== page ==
Are You Hurting Your Credit Profile?

Credit scores have a large impact on our financial success. Having a strong score means you have the opportunity to take advantage of the best available interest rates on mortgages, auto loans, refinancing student loans, even cheaper auto insurance. To get good interest rates, you typically need to have a score above 700, but the best deals will go to consumers with scores above 750.

Credit scores reward responsible behavior, if you live within your means and pay your bills on time you should have a good score. However, being responsible does not always mean that you will have a strong credit score.

Here are three common mistakes that responsible people make, costing them points on their credit score, and money in the long run.

  1. Having only one credit card, and using it for everything.

Many consumers limit themselves to one credit card and pay their balance in full every month. This is a great practice as you avoid getting charged interest on the account. However, using only one card could harm your credit score by driving up your credit utilization ratio, an important part of how your score is calculated.

Your credit utilization is the percentage of available credit that is being used. If you have a credit limit of $1,000 and a balance of $200, your utilization would be 20%. This is calculated for each individual credit card and across all credit card accounts. High utilization can have a significant negative impact on your score. Keep utilization below 20%, but if you want the biggest positive effect on your score, keep it between 1-3%.

Utilization is important to lenders for two reasons. First, high utilization shows them you can’t control your spending. If you consistently max out your credit cards, you appear to be very risky to lend to. Second, credit limits are calculated based on your income, so when you use too much of the credit available to you, banks will think you have too much debt relative to your income, whether you pay them off in full or not.

You can lower your utilization in two ways. First, you can make your credit card payments more frequently. Your goal is to keep your balances low, but still more than zero. Paying down your balance in the middle of the month will reduce your statement balance and your utilization. Second, you can ask your bank for a credit limit increase, which will increase your available credit, making your statement balance have a lower effect on your utilization.

  1. Not knowing what is on your credit report.

Strange things often appear on credit reports. Check your credit reports once a year to make sure that all accounts are accurate and up to date. If you see any incorrect information on your credit report, you need to take action. CreditServices.com is an industry-leading credit repair company, our Attorney-Reviewed service levels can help you get negative remarks removed from your credit report.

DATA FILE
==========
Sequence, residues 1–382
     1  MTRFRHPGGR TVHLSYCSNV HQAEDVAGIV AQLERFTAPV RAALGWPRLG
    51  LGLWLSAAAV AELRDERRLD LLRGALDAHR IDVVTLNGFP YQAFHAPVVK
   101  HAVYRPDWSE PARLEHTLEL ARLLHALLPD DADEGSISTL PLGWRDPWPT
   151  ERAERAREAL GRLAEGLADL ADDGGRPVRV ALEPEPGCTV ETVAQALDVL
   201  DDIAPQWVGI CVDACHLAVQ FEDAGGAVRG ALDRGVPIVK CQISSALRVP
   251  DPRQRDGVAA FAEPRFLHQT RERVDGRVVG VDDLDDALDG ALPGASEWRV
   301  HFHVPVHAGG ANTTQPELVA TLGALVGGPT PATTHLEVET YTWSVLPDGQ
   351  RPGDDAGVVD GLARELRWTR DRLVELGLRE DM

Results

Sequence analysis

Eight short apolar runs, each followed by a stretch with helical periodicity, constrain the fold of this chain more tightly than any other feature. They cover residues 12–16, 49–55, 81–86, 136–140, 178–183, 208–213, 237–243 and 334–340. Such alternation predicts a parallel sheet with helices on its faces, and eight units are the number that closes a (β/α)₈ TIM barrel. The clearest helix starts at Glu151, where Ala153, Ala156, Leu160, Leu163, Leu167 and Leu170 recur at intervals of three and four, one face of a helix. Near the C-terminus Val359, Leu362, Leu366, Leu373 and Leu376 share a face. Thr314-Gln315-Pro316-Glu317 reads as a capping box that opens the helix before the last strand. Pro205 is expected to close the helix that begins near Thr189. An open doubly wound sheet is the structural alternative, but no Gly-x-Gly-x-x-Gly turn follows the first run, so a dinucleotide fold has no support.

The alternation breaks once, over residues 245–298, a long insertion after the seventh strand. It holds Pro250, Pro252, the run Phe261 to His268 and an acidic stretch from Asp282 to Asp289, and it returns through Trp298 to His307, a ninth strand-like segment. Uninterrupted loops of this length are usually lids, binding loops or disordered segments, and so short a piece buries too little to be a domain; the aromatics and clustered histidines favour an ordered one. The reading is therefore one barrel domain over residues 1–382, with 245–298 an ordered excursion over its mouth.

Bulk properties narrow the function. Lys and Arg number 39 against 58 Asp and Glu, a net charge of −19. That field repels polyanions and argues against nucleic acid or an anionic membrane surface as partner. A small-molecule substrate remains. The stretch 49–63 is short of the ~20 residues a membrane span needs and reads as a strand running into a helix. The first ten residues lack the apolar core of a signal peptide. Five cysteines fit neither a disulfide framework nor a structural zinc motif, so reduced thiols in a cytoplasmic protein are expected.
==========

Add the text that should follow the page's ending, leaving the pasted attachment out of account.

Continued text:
1. Paying collection items first.

Every once in awhile, you may run into unforeseen problems and miss payments. Responsible consumers work hard to pay back all of the money they have borrowed. However, when it comes to your credit score, keeping active accounts current is more important than paying on a collection item.

Once a collection item appears on your credit report, the damage has been done. So skipping credit card payments to pay the collection will negatively impact your credit score even more.

Collections should be dealt with only after your obligation to active creditors has been fulfilled in order to maintain your credit score and avoid further damage. Also consider working with our Debt Settlement department to settle your collections and save yourself money.

Credit scores are complex.

Making the most of your credit score, and protecting your financial future is not easy. A lot of information goes into calculating your credit score, which can get overwhelming at times. Since credit is such an important factor in so many purchasing situations, you need to have a firm grasp on where your credit profile stands. CreditServices.com can help repair negative items on your credit report, while also teaching you how to better manage the accounts you have, and inform you as to if you should open or close any other accounts based on your current profile. Our Credit Advisors are experts on the FICO formula and can help you develop a better understanding of how to manage your accounts now and in the future.

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Each person’s credit situation is unique. Results may vary, and CreditServices.com makes no guarantee of any particular result. The information in this site is intended for general informational purposes only, and is not to be construed as legal, tax, accounting, or other professional advice.  As such, it should not be used as, or relied upon, as a substitute for seeking professional legal, tax, accounting, or other advice. All information in this site is provided “as-is”, with no guarantee of completeness, accuracy, timeliness, or other results obtained from its use. In no event is CreditServices.com, its Affiliates, or their agents or employees liable to you or anyone else for any decision made or action taken in reliance on the information in this site. “Affiliate” means any entity that directly or indirectly owns or controls, is owned or controlled by, or is under common ownership or common control of the party in question.